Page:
Raising Awareness of Maternal Morbidity and Mortality

NMPP has worked with the NYS Department of Health and our local NYC Department of Health to bring awareness of maternal morbidity & mortality to our communities.

• In August 2018, NMPP hosted the New York State Health Commissioner, Howard Zucker, for one of his seven Listening Sessions across New York State. The Commissioner wanted to hear directly from residents who have had adverse birth outcomes. 

• In 2018 NMPP participated in the New York State Taskforce on Maternal Mortality and Disparate Racial Outcomes. The Taskforce addressed the landscape of maternal mortality in the U.S. compared to maternal mortality in New York State, as well as the impact of racism on maternal health outcomes among black women. 

Members of the Taskforce submitted recommendations to the Governor on ways to reduce racial disparities and preventable maternal mortality and morbidity. Recommendations were informed by Taskforce meetings, and feedback from statewide community listening sessions.

• In June 2019 NMPP hosted one of the communities listening sessions for the New York City Department of Health and Mental Hygiene and Public Health Solutions. These listening sessions will inform the development of a public awareness campaign about safe and respectful pregnancy and childbirth.


Common barriers expressed by participants across all seven of the NYS Health Commissioner’s listening sessions:

• Access to health care (limited facility choice, quality of provider and facility care). 

• Poor communication with health care providers (especially their feeling that providers were not listening to them, that they were not given enough time with providers, and that few providers reflected their lived experience).

• Lack of information and education from providers.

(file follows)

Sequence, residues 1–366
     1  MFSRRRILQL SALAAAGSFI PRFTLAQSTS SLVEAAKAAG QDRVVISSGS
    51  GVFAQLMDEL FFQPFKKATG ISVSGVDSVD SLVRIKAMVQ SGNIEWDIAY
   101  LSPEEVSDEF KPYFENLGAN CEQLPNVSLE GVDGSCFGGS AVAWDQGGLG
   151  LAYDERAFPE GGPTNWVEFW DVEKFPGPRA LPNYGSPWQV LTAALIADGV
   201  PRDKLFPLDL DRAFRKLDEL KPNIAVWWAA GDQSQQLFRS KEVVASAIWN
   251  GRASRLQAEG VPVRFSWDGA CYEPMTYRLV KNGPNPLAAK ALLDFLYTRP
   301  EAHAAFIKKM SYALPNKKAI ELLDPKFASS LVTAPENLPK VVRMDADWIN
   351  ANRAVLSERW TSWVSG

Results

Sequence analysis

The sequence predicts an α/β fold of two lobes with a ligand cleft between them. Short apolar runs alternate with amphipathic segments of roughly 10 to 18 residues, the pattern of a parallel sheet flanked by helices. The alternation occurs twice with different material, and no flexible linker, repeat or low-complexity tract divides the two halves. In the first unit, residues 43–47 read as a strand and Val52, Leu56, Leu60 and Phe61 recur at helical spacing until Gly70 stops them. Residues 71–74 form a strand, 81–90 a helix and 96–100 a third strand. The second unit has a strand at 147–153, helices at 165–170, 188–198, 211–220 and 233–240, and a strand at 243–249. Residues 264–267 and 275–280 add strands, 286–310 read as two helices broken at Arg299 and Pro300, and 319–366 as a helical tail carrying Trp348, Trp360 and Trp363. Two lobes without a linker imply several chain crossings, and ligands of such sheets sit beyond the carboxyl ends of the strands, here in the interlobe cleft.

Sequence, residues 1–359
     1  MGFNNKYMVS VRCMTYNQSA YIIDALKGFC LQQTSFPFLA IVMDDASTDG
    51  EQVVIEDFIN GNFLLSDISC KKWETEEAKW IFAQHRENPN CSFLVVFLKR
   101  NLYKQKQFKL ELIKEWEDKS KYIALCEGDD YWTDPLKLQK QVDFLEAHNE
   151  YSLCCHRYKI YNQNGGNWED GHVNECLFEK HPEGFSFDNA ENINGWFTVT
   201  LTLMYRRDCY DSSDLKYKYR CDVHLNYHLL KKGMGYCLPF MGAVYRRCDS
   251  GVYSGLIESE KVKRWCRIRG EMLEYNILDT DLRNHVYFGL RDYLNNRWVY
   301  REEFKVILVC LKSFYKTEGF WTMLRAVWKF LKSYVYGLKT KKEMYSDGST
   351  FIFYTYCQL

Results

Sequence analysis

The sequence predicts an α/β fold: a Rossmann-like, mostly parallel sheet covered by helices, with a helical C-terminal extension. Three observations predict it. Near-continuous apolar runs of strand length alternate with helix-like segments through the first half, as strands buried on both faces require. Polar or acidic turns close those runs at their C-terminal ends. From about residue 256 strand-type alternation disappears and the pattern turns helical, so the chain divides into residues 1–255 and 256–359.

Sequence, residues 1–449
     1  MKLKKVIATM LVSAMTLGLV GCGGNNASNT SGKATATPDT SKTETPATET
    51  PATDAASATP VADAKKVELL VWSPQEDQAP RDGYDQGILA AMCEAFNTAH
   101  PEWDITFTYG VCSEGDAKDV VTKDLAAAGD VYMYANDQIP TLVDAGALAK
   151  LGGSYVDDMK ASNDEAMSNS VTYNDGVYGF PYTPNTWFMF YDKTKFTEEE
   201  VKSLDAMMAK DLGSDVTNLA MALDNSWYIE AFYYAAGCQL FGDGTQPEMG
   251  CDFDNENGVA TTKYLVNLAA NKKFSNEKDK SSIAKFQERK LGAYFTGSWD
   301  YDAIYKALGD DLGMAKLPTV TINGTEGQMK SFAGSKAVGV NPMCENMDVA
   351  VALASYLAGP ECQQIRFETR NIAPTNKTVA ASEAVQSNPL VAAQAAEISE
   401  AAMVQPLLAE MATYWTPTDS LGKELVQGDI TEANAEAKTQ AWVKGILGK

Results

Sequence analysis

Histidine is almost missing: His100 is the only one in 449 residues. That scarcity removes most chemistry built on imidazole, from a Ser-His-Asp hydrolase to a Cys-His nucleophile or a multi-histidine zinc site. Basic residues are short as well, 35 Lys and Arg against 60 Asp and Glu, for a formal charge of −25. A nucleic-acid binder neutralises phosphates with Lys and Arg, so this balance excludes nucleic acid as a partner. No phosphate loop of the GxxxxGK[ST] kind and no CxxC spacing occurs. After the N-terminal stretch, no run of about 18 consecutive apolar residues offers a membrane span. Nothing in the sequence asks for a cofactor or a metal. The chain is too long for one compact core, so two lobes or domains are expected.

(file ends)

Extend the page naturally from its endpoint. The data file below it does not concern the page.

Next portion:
• Racism and its impact on the quality of care received.

• Disrespect from health care providers, including support and administrative staff. 

• Lack of social support.


Participants’ demands across all seven listening sessions:

• Better understanding of the reasons why black women have poorer pregnancy health outcomes.

• Acknowledgement of the impact of race and racism on those outcomes. 

• Action to address the racial disparities in maternal mortality.

• Acknowledgement of the health care systems and practices may perpetuate continued racial inequities. 

• Elimination of barriers that prevent women from getting quality health care services.

• Increasing the support needed to help with a healthy pregnancy. 

• For all NYS mothers and babies to have the same opportunities to achieve optimal health and positive birth outcomes.

As a result of the Taskforce meetings and listening sessions, the Governor committed $8M over two years in the 2019-2020 Executive Budget to immediately implement the top recommendations made, including launching a Maternal Mortality Review Board, creating an implicit racial bias training and education program for hospitals, investing in community health worker programs, and creating a data warehouse on perinatal outcomes.